As part of its plan to prevent all deaths in future products, Volvo said Monday that it will limit the top speed to a maximum 180 kmh, or 112 mph starting with all models produced in 2021.
The automaker has laid out a strategy, dubbed Vision 2020, that aims to prevent all deaths and serious injuries in its products. It has been rolling out an assortment of passive and active safety features to help reach that goal, but sees the new self-imposed speed limit as a critical element in reaching its target.
“Because of our research, we know where the problem areas are when it comes to ending serious injuries and fatalities in our cars,” said Håkan Samuelsson, president and chief executive of Volvo Cars. “And while a speed limitation is not a cure-all, it’s worth doing if we can even save one life.”
Volvo also is considering ways to use “geofencing” to control speeds automatically when a vehicle enters a school or hospital zone. That would depend upon mapping technology, whether using next-generation onboard maps or relying on connected vehicle systems.
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“We want to start a conversation about whether car makers have the right or maybe even an obligation to install technology in cars that changes their driver’s behaviour, to tackle things such as speeding, intoxication or distraction,” said Samuelsson. “We don’t have a firm answer to this question, but believe we should take leadership in the discussion and be a pioneer.”
The strategy is in character for Volvo, a brand that has long put an emphasis on safety technology. It was the first brand to offer seatbelts and, during the last few years, has pushed to establish a lead in the development of advanced driver assistance systems, or ADAS, such as forward collision warning with pedestrian detection and automatic emergency braking.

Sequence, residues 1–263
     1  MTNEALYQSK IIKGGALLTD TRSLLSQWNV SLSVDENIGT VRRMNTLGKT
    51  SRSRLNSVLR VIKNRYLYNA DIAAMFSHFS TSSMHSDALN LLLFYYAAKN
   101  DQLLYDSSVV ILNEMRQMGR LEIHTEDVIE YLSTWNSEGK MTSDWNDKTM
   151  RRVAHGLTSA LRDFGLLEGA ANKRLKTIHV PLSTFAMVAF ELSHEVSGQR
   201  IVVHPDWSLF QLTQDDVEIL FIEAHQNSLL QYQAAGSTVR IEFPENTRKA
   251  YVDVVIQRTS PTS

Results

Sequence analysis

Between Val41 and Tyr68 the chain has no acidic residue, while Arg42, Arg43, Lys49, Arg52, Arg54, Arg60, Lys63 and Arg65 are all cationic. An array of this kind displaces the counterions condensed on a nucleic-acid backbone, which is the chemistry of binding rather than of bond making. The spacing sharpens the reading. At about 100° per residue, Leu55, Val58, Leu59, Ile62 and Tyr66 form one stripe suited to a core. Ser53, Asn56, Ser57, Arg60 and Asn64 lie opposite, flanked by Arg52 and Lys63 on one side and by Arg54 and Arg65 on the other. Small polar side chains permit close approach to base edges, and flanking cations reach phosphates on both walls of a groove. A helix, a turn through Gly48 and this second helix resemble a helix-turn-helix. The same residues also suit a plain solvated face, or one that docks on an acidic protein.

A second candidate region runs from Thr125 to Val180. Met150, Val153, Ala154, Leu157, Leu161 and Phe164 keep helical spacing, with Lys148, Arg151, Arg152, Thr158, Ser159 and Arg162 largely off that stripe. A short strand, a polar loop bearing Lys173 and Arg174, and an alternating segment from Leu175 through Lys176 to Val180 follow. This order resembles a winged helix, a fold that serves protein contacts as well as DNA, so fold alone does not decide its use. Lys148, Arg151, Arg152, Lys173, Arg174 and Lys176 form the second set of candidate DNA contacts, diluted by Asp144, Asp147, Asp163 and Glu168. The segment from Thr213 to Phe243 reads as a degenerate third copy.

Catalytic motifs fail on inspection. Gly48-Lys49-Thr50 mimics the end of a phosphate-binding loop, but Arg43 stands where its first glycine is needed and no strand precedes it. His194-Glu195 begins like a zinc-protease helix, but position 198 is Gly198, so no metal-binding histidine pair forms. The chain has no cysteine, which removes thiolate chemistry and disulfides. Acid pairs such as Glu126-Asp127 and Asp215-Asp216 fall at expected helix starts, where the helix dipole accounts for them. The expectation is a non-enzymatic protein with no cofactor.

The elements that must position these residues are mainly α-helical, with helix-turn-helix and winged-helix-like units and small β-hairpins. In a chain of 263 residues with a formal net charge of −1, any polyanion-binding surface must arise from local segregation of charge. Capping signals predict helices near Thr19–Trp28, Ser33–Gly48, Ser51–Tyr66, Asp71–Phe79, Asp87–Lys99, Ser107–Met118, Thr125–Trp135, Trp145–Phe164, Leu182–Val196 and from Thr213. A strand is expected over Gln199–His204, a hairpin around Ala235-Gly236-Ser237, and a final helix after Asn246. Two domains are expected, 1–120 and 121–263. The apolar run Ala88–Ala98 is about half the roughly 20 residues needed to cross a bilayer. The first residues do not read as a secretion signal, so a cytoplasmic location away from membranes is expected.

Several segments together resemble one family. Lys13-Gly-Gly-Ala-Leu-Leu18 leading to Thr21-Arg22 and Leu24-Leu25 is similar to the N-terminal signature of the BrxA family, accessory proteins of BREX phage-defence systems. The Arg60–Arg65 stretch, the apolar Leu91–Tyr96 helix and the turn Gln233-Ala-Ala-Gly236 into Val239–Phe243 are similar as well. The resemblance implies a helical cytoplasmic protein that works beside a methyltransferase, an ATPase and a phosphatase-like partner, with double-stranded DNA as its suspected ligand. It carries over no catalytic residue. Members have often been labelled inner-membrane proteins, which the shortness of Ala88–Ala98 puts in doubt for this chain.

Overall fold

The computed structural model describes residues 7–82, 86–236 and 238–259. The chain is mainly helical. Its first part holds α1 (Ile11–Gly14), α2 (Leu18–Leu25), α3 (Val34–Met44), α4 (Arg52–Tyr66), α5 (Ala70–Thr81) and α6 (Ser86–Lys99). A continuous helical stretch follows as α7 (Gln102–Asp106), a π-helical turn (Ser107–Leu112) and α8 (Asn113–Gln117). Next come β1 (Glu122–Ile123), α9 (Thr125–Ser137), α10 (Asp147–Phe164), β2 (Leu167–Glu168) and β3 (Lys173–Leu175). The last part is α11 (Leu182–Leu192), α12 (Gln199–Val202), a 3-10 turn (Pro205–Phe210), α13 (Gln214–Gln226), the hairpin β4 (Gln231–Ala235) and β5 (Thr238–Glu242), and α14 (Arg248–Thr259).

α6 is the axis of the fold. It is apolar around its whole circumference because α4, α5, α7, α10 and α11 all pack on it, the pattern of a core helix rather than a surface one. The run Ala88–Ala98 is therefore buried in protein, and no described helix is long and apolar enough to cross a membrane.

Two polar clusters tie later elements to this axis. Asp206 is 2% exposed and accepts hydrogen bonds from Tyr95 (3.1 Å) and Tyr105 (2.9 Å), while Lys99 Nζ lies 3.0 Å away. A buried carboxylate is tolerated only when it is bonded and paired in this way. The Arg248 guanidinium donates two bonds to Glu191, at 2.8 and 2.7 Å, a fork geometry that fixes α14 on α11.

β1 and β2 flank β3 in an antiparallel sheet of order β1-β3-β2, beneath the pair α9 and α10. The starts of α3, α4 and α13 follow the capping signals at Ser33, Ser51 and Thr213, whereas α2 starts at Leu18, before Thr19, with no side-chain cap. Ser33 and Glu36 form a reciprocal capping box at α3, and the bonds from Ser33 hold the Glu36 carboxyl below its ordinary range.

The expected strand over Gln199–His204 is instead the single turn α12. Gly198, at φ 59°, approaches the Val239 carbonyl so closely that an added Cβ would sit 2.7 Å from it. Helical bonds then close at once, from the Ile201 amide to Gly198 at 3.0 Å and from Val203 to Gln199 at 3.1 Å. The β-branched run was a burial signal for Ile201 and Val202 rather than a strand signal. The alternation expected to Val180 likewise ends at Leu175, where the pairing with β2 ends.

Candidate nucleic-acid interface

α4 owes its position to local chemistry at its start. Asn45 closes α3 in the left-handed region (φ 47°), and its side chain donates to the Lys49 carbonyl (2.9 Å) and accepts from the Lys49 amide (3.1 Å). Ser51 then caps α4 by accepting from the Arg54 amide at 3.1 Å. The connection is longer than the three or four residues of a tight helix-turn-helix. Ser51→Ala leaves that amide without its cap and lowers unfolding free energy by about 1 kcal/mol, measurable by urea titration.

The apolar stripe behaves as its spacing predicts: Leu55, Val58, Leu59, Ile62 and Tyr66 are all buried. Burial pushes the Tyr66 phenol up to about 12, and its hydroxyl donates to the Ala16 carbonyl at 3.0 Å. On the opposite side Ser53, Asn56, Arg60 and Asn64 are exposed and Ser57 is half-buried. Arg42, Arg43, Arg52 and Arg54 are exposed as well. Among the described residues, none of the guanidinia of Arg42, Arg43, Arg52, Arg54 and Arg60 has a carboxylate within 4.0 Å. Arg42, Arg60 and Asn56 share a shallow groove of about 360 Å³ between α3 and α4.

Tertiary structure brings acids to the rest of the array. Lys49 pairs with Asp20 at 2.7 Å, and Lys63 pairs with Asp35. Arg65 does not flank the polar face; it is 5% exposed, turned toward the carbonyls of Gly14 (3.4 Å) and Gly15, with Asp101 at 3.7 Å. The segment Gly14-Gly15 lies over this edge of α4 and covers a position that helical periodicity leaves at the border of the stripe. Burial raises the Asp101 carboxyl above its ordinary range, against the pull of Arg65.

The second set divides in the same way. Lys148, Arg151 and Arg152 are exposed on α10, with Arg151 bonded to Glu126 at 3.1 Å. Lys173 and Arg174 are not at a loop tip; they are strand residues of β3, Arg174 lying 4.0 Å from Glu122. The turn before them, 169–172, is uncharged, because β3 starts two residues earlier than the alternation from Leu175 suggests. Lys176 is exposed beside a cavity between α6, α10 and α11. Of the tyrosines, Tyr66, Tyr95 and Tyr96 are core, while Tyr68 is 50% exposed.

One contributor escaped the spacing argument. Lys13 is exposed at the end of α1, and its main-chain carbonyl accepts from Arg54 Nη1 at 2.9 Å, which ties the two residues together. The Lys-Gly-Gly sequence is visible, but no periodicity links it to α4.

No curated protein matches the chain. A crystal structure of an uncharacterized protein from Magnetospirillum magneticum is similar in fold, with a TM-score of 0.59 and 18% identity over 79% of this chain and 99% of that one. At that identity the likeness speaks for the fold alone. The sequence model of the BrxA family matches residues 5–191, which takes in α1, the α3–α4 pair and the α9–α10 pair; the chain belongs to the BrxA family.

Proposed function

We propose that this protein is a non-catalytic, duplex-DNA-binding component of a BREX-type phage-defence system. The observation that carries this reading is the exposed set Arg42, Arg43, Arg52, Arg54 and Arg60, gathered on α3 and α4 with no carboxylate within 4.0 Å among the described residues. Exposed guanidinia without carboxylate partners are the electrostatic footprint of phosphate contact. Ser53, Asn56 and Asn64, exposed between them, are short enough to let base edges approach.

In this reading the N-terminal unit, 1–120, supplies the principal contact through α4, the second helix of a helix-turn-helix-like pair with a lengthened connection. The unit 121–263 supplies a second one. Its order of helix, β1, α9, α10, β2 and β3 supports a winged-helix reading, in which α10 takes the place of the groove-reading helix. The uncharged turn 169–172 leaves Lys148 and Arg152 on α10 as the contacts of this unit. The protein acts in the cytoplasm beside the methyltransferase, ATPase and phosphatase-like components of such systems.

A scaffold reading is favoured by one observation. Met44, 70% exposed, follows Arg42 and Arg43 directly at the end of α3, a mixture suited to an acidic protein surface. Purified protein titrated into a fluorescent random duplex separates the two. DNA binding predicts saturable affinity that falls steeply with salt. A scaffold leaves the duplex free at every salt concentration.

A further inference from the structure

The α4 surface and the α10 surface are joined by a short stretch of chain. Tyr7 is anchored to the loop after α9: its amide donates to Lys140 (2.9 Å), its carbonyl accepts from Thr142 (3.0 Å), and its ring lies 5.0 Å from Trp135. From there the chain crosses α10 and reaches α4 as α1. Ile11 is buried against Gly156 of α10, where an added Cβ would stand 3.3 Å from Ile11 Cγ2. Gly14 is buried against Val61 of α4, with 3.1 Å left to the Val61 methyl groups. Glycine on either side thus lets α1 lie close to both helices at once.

The Swedish automaker isn’t the first to impose a speed limit on its products, however. A number of European automakers have long had a “gentleman’s agreement” in place to limit top speeds to 250 kmh, or about 155 mph. But a few models are exempted and there are a number of aftermarket suppliers who offer modified engine control chips that can circumvent those restrictions. It remains to be seen if they will offer modified chips for future Volvo products, as well.
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The new Volvo strategy “will not apply” to products produced by Polestar, according to spokesperson Morgan Theys. That’s the new Volvo sub-brand that focuses on battery-based performance products, such as the Polestar 1 plug-in hybrid and the newly launched Polestar 2 battery-electric vehicle.
Speed has long been a concern for safety advocates, especially at a time when many American states have been raising limits to new highs. Texas now allows motorists to legally travel at up to 85 mph on one of its limited-access highways. In Europe, Germany’s Autobahns offer performance fans the option to drive at whatever speed they want – at least in limited areas, many stretches of the highway network now opposing strict limits, particularly in key urban areas. German authorities are considering a nationwide reduction to 130 kmh, or 81 mph.
Excess speed has been linked to rising vehicle fatality rates in the U.S., especially when linked with other factors, such as drunk and distracted driving. The National Highway Traffic Safety Administration blames excess speed for 26% of highway deaths, though some observers caution that the numbers can be misleading.
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Last week, the Governors Highway Safety Association reported preliminary data indicating that 6,227 U.S. pedestrians were killed in 2018, a 4% year-over-year increase and the highest toll since 1990.